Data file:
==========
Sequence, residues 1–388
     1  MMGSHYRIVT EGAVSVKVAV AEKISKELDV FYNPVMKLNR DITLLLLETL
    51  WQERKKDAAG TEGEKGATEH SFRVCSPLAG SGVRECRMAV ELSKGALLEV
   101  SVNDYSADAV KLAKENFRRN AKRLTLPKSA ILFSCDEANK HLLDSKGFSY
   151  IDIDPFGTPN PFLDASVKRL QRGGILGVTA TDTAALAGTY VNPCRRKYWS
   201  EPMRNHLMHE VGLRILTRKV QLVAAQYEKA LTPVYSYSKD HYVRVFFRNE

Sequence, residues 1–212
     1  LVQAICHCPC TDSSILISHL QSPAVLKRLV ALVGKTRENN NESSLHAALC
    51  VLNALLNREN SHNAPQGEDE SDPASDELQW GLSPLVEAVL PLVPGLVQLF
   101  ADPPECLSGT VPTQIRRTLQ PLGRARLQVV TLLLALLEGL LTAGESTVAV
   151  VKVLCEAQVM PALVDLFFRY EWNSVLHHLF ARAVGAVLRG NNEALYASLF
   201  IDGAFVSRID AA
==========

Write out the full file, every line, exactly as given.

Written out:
Sequence, residues 1–388
     1  MMGSHYRIVT EGAVSVKVAV AEKISKELDV FYNPVMKLNR DITLLLLETL
    51  WQERKKDAAG TEGEKGATEH SFRVCSPLAG SGVRECRMAV ELSKGALLEV
   101  SVNDYSADAV KLAKENFRRN AKRLTLPKSA ILFSCDEANK HLLDSKGFSY
   151  IDIDPFGTPN PFLDASVKRL QRGGILGVTA TDTAALAGTY VNPCRRKYWS
   201  EPMRNHLMHE VGLRILTRKV QLVAAQYEKA LTPVYSYSKD HYVRVFFRNE

Sequence, residues 1–212
     1  LVQAICHCPC TDSSILISHL QSPAVLKRLV ALVGKTRENN NESSLHAALC
    51  VLNALLNREN SHNAPQGEDE SDPASDELQW GLSPLVEAVL PLVPGLVQLF
   101  ADPPECLSGT VPTQIRRTLQ PLGRARLQVV TLLLALLEGL LTAGESTVAV
   151  VKVLCEAQVM PALVDLFFRY EWNSVLHHLF ARAVGAVLRG NNEALYASLF
   201  IDGAFVSRID AA